The Ministry of Health (MoH) has activated the National Disease Surveillance Team to contain any possible spread of Ebola fever in the country.
This follows the case of an American who died of hemorrhagic fever at the Nyaho Medical Centre in Accra.
Four tests conducted by the Noguchi Memorial Institute for Medical Research (NMIMR) revealed that the patient did not suffer from Ebola fever.
A statement issued by the Ministry of Health in Accra on Tuesday said Ghana had a test case a few days ago involving a foreign national with travel history of a visit to one of the affected countries.
It said the foreigner fell sick and was rushed to ‘one of our hospitals and the clinical presentation led us to suspect Ebola Virus Disease.
‘As most of us are aware, specimens have been sent to NMIMR and results are negative.
‘After four laboratory tests, all proved negative,’ it said.
The ministry, therefore, advised the public to remain calm and that the Ghana Health Service Surveillance Team was working very hard, especially in the area of public education, to raise the required awareness and get all to practise the highest level of prevention and control measures.
An earlier test was said to have proved ‘tentatively negative’ to Ebola fever.
But a second test was ordered to be conducted at the same institute.
Consequently, the ministry yesterday held an emergency meeting with representatives of the Department of Public Health, the National Disaster Management Organisation (NADMO), the Ghana Civil Aviation Authority, the Ministry of the Interior, and the Ghana Immigration Service (GIS), among others, to deliberate on how to contain any spread of the disease in the country should the second test confirm the worst.
A source at the corridors of the MoH told the Daily Graphic after the meeting that the four medical staff members who came into contact with the American were still being quarantined at the medical centre awaiting the results of the test.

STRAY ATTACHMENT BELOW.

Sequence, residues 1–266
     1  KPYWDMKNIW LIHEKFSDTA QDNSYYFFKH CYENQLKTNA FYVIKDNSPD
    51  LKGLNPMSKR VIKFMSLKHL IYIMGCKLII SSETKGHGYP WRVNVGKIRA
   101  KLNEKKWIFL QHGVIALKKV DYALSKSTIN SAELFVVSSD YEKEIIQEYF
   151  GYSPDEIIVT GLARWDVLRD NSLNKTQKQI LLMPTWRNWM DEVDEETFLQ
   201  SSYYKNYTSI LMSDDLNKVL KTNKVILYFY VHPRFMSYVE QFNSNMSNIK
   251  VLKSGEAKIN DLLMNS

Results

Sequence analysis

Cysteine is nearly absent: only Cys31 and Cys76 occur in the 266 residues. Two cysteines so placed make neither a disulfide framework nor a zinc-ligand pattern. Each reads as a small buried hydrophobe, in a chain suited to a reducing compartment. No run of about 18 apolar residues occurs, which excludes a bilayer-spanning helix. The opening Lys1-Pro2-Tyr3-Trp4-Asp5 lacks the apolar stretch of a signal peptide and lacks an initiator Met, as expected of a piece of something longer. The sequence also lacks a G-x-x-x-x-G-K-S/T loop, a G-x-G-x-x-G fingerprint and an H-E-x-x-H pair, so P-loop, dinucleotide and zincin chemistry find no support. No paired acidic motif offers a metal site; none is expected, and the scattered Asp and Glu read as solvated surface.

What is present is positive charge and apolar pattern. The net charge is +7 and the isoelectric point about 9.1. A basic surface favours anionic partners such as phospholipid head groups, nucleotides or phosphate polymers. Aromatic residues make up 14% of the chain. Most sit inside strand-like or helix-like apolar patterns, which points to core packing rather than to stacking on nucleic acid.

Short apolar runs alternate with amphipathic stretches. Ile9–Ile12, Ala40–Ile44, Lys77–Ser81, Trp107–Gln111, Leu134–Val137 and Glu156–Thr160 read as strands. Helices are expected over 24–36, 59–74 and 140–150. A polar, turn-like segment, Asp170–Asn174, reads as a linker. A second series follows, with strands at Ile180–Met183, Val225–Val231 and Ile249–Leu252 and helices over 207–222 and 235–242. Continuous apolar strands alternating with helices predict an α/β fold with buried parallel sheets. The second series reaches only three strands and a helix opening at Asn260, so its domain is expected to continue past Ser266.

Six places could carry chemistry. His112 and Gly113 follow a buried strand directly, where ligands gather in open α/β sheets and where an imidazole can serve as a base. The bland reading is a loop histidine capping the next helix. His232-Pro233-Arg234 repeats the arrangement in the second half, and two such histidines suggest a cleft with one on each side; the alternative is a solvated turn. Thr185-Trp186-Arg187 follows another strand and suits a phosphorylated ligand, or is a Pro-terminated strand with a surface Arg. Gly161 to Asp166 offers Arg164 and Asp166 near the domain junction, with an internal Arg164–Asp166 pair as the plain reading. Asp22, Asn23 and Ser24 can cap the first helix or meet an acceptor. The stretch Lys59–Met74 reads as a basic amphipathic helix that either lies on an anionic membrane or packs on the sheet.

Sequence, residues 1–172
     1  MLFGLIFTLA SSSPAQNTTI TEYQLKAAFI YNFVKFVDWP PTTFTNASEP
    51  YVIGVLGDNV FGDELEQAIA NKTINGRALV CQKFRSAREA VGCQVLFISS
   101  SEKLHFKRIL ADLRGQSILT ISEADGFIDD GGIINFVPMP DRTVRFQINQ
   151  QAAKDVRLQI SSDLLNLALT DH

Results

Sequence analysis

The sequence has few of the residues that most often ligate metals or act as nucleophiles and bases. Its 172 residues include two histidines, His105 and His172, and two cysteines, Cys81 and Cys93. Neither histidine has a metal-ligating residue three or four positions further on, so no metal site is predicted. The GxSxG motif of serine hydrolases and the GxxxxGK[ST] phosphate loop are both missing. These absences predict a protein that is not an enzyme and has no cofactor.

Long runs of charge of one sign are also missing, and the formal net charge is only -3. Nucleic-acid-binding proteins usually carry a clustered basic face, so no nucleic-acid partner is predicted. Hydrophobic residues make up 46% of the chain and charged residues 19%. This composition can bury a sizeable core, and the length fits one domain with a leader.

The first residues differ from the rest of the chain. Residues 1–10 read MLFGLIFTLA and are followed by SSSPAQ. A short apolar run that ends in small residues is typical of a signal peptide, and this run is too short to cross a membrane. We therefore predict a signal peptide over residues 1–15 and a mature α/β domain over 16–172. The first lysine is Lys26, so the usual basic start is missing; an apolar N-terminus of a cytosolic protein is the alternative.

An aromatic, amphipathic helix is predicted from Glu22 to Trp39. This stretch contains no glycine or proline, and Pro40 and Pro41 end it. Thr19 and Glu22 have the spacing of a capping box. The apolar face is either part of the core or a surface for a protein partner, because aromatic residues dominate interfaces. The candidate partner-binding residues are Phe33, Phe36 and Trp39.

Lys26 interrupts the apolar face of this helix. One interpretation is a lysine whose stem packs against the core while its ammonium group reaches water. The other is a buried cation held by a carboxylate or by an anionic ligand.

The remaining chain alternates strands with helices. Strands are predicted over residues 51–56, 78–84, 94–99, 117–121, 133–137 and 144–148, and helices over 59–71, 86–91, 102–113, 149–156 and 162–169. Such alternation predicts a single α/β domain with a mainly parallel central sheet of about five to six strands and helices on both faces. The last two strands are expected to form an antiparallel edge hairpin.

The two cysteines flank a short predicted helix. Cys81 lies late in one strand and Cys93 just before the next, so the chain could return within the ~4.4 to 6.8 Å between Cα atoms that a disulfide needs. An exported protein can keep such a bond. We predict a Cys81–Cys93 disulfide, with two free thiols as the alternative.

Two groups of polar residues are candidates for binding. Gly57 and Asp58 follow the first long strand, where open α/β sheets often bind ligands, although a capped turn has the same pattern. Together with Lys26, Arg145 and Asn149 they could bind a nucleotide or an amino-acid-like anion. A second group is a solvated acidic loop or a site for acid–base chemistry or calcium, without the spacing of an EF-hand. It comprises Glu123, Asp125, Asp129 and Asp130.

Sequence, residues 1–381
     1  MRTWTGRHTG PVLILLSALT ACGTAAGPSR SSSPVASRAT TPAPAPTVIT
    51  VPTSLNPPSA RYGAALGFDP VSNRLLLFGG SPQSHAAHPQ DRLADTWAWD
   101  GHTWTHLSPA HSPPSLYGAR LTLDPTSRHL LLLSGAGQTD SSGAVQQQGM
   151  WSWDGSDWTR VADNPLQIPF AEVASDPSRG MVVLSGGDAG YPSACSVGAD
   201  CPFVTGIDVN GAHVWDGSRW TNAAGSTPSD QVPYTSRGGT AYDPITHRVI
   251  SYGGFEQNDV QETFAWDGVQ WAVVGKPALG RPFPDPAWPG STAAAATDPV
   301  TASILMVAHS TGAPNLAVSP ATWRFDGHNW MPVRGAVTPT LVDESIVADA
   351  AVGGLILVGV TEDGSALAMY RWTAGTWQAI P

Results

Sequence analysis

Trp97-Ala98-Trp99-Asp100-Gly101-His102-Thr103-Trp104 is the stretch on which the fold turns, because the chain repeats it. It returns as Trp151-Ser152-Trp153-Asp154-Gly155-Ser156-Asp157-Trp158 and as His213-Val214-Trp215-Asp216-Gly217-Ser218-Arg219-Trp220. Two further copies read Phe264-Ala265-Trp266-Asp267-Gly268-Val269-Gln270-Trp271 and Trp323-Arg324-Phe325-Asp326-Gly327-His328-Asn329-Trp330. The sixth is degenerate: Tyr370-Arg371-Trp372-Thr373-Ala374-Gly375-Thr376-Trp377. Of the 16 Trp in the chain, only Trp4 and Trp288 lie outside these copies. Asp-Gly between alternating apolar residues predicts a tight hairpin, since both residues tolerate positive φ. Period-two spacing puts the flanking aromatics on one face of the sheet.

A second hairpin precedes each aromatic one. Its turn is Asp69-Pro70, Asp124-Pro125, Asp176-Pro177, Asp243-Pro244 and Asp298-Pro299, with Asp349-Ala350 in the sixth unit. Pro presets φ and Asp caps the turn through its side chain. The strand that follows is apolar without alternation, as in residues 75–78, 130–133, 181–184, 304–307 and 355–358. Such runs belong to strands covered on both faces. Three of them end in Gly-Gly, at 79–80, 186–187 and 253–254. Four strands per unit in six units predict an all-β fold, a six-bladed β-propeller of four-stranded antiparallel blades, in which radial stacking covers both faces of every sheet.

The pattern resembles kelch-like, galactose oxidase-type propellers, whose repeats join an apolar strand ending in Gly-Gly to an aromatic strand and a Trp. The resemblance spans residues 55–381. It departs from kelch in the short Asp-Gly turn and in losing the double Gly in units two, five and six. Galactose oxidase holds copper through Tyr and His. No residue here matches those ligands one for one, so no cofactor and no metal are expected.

It said although symptoms displayed by the American showed that he had haemorrhagic fever, it was yet to be confirmed if it was Ebola fever.
It said the disease, which had a 21-day gestation period, was yet to manifest in the said patient before he died.
The MoH had earlier stated that samples of the blood would also be sent to the United States for a further test.
What is hemorrhagic fever?
Known as viral hemorrhagic fevers (VHFs), it is a group of illnesses caused by four families of viruses.
These include the Ebola and Marburg, Lassa fever and yellow fever viruses.
The VHFs have common features; they affect many organs, damage the blood vessels and affect the body’s ability to regulate itself.
Some VHFs cause mild disease, but some, like Ebola or Marburg, cause severe disease and death.
The VHFs are found around the world.
Specific diseases are usually limited to areas where the animals that carry them live. For example, Lassa fever is limited to rural areas of West Africa where rats and mice carry the virus.
Ebola fever in West Africa
The World Health Organisation (WHO) convened an emergency meeting in Accra from July 2 to 3, 2014 after it had declared the sub-region as Ebola endemic, following the death of over 400 people in Guinea, Liberia and Sierra Leone.
At the meeting, participants reviewed the current epidemiological situation and considered that the scale of the current Ebola epidemic was unprecedented.
Case so far
The Nyaho Medical Centre, on Sunday, July 6, 2014, confirmed that an expatriate with symptoms suggestive of haemorrhagic fever was transferred to its facility and the patient was isolated.
A statement signed by the Medical Director of the centre, Dr Victoria Fummey, said the expatriate was transferred to the centre by the West African Rescue Association (WARA) on July 6, 2014.
As a precautionary measure, the ministry placed more public health personnel at the clinic and supplied the clinic with protective gowns.
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